2nd round:
I didn't bother to make a mock picot but you want to leave a tiny space as you'll be ending in this spot.
Using the chain shuttle, *R 3-1--1-3, clr
SS and Ch 4, + (join) in the join between rings
SS and using the chain shuttle, make josephine knot of 8 stitches, your choice if it's first half or second half.
SS & chain 4, + p on next R
SS & repeat from * around, ending last ch 4 in base of 1st small ring.

You're using the chain shuttle for the chains and rings both and I indicate that by SS which means switch working shuttle.

The original directions say to make that middle picot on the small ring a longer picot and that's where you join to other motifs.

Once you get into the swing of it, it's fairly quick to tat. You could tat a small mat or doily in an evening.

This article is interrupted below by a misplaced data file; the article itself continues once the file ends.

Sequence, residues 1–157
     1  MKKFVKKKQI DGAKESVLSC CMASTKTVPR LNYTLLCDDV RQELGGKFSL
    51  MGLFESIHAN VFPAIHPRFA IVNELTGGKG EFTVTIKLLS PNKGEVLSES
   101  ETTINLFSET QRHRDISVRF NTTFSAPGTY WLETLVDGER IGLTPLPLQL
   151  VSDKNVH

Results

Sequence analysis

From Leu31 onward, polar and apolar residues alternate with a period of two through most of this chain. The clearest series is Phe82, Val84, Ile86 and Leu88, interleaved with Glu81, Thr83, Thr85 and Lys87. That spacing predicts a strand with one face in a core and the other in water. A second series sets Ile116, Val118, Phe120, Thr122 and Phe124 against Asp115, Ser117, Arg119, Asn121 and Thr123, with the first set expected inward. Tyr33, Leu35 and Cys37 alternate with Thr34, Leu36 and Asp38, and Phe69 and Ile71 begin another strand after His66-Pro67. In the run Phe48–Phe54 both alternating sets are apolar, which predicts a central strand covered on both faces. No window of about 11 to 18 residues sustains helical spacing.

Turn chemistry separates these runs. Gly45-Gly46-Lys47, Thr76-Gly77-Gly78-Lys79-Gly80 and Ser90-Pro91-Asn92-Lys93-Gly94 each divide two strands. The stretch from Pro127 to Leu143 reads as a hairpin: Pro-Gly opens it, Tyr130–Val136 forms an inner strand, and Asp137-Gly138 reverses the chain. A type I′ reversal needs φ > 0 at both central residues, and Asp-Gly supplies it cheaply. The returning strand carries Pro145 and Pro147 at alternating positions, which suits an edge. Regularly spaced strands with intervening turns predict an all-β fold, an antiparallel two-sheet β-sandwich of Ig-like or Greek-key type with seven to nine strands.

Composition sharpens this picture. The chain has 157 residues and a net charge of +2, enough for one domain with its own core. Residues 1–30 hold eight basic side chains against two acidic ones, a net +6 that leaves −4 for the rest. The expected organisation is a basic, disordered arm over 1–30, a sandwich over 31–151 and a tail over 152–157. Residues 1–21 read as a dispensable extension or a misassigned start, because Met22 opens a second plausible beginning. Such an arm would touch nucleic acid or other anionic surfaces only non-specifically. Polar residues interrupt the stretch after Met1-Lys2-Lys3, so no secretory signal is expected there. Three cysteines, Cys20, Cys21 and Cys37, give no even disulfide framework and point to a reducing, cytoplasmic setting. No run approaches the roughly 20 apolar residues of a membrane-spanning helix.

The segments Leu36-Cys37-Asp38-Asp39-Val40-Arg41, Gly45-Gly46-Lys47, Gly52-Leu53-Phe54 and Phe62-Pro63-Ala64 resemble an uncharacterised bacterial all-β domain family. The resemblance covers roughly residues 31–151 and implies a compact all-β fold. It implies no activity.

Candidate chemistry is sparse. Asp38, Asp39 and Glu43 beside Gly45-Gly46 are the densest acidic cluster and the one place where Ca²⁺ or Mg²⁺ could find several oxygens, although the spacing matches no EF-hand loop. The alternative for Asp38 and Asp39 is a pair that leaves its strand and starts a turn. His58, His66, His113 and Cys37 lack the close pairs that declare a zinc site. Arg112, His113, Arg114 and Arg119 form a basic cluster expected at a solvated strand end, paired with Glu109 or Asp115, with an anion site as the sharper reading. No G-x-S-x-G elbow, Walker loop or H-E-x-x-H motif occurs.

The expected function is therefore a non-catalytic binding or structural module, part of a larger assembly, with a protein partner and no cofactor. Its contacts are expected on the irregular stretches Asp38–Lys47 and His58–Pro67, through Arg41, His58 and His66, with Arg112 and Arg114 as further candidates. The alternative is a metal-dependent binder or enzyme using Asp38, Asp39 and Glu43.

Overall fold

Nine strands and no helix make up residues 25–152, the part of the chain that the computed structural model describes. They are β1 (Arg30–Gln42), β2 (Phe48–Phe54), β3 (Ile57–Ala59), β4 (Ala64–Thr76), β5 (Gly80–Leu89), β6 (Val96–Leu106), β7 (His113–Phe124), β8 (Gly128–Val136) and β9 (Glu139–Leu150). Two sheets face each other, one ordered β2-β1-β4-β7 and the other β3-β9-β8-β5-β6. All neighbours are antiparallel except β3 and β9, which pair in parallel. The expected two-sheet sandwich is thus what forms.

14 comments:

  1. You almost persuade me to take up the challenge, thank you for the diagram. I like to use the older books but I often have to work out a diagram as I get lost in written directions!!

    ReplyDelete
  2. Those are really pretty. I like vintage motifs - so simple, but a lot of them are quite stunning.

    ReplyDelete
  3. Very pretty, Gina! Like Josie, I get lost in the directions, so diagrams are very helpful. I hope I get some time to tat today, because I'd really like to try this one. Thanks for giving the yardage. It makes it so much easier to determine which threads I'd like to use.

    ReplyDelete
  4. Well they look like snowflakes to me and very attractive ones, thanks so much for the pattern will transfer it to a file before I forget - part of my tidy new year resolution! Thank you also for re-writing these patterns especially in one hits, hate having to tie off ends.